Instead, we’re going to talk about the complete and utter failure of safety regulations to protect West Virginia miners, especially in the context of relentless, unfounded, outrageous attacks on West Virginia’s judges and juries, which have likely further endangered workers in this beautiful state.
In 2006, after the Sago mine disaster, Center for Justice & Democracy wrote:
Agencies such as the Mine Safety Health Administration (MSHA) exist to regulate and enforce worker safety. But as we unfortunately know, this doesn’t always work. Part of the problem is that agencies have become political and tied in with industry – thus, less effective. During the first term of the Bush administration, the MSHA rescinded more than a half-dozen safety proposals under the leadership of David Lauriski, a former industry lobbyist. There were also major cutbacks in agency budgets and the number of inspectors, reducing enforcement. Another problem is that safety violation fines are often miniscule compared to company profits and can easily be written off as a “cost of business” – more economical than improving the safety conditions.
With regulatory oversight of mining and other industries so weakened, the right to bring reckless corporations to court is more precious than ever. There are countless examples of corporations improving safety conditions and products because of lawsuits brought by injured people. A typical example occurred in 2001 in Wyoming County, West Virginia when a worker was killed at a U.S. Steel Mining Co. coal processing facility due to faulty scaffolding equipment. As a result of the lawsuit, the dangerous equipment was removed. In another 2003 West Virginia case, a jury found that a coal processing facility run by the Elk Run Coal Co., a Massey Energy subsidiary, failed to protect the community against air pollution. As a result of a lawsuit brought by residents of the town of Sylvester who had been harmed by escaping coal dust, the court enforced a dust control plan on the company.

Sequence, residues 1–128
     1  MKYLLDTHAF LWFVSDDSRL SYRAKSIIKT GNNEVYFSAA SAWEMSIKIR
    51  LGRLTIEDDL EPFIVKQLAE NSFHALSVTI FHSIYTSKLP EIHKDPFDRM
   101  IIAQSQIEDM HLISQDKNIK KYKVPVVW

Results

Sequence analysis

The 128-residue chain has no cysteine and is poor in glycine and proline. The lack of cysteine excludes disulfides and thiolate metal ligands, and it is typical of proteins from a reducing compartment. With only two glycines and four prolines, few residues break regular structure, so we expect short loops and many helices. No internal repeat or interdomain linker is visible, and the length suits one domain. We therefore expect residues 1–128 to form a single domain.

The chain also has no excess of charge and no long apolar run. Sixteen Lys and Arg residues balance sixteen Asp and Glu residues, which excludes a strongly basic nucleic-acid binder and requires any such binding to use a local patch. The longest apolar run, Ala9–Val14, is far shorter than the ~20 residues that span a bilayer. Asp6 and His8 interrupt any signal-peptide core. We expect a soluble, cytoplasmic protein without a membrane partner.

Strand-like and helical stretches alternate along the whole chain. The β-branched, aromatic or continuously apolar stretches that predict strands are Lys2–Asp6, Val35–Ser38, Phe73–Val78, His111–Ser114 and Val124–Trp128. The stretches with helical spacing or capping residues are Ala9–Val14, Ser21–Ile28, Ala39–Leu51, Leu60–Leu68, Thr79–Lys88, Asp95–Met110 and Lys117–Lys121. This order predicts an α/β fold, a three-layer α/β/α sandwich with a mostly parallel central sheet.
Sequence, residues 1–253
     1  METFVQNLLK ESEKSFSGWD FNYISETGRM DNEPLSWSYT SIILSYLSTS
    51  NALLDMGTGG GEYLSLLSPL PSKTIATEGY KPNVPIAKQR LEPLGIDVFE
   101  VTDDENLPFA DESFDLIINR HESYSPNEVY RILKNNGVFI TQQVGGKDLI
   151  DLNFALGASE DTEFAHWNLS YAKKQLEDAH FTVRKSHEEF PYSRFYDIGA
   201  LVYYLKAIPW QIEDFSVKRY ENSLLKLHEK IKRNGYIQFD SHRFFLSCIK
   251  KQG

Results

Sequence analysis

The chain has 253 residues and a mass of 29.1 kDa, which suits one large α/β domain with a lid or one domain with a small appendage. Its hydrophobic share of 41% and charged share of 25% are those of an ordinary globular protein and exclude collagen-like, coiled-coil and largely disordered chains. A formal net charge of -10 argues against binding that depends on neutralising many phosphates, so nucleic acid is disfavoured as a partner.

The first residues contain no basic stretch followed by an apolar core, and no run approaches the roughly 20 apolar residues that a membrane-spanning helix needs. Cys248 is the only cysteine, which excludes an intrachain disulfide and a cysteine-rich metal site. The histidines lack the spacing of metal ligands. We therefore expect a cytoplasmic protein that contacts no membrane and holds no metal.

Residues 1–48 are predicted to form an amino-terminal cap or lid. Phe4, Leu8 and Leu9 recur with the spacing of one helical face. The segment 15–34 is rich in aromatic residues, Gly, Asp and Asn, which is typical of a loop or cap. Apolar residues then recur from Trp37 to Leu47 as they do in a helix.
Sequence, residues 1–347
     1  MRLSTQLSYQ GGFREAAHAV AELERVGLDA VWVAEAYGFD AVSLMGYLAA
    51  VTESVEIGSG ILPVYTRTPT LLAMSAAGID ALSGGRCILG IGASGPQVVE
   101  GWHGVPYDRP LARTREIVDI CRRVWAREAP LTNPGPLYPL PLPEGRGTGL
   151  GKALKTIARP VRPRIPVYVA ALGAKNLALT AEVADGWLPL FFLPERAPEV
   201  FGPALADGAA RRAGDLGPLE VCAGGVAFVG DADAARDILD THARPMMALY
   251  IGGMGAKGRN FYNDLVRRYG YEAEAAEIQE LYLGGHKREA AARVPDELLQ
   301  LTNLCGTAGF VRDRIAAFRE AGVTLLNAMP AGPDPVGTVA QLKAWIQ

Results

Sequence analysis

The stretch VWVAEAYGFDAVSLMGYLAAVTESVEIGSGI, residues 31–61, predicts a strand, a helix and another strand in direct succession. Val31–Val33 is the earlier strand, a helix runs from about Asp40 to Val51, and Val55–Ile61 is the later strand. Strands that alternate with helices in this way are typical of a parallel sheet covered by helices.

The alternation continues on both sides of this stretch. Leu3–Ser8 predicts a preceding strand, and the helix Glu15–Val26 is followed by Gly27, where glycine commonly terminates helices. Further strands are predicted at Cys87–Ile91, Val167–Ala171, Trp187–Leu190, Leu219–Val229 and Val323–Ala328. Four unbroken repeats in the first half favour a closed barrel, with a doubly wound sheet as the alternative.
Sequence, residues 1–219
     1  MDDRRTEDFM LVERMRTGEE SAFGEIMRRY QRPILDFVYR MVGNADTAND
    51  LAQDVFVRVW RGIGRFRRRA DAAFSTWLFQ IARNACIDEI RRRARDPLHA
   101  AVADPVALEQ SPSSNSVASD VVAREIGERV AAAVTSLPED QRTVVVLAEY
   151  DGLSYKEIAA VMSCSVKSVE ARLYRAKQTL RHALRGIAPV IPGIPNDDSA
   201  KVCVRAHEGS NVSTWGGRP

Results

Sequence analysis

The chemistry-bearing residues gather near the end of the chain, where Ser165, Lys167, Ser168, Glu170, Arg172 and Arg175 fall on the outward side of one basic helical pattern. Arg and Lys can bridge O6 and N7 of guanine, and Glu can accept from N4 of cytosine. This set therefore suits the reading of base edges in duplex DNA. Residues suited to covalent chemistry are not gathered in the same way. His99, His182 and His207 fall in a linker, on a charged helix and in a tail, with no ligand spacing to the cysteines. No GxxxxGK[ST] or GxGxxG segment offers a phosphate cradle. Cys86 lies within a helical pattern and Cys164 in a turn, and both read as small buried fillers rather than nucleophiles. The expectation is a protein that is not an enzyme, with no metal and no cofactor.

The civil justice system is the only reliable means of deterring dangerous corporate behavior. A negligible fine doesn’t send the same message as a substantial verdict against a reckless company. Thus, it may come as no surprise that corporate lobbyists, having already made tremendous strides in weakening regulatory safety standards, are putting enormous resources into weakening our courts and attacking judges and juries – and they’re winning. West Virginia, in fact, was recently declared a so-called “judicial hellhole” by the American Tort Reform Association, a group funded by polluters, tobacco companies, the insurance industry, and other industries. The report’s purpose was to attack judges and juries who have held companies accountable for harming or killing innocent citizens.
A few updates since this was written:
- David Lauriski was replaced by Richard Stickler, who was a mining company executive at a Massey subsidiary. After Stickler’s nomination was returned to the White House twice due to lack of Senate support for being too cozy with the industry, President Bush named him MSHA head anyway while the Senate was in recess! Joe Main was appointed by President Obama to run MSHA now - a good guy, but he was just confirmed in October (and there is clearly much damage to repair).
- MSHA did hire more inspectors in 2007 and 2008, but a new government audit released just days ago says the agency has poorly retrained safety inspectors in recent years with more than half not attending retraining courses. Moreover, “The agency failed to track and ensure completion of retraining courses and did not punish inspectors who failed to attend courses."
- Rich special interest groups from outside the state continue to attack West Virginia’s judges, juries and the state's business climate without any basis (most recently by the U.S. Chamber of Commerce last month).
West Virginia is the second poorest state in the nation. Can they please catch a break?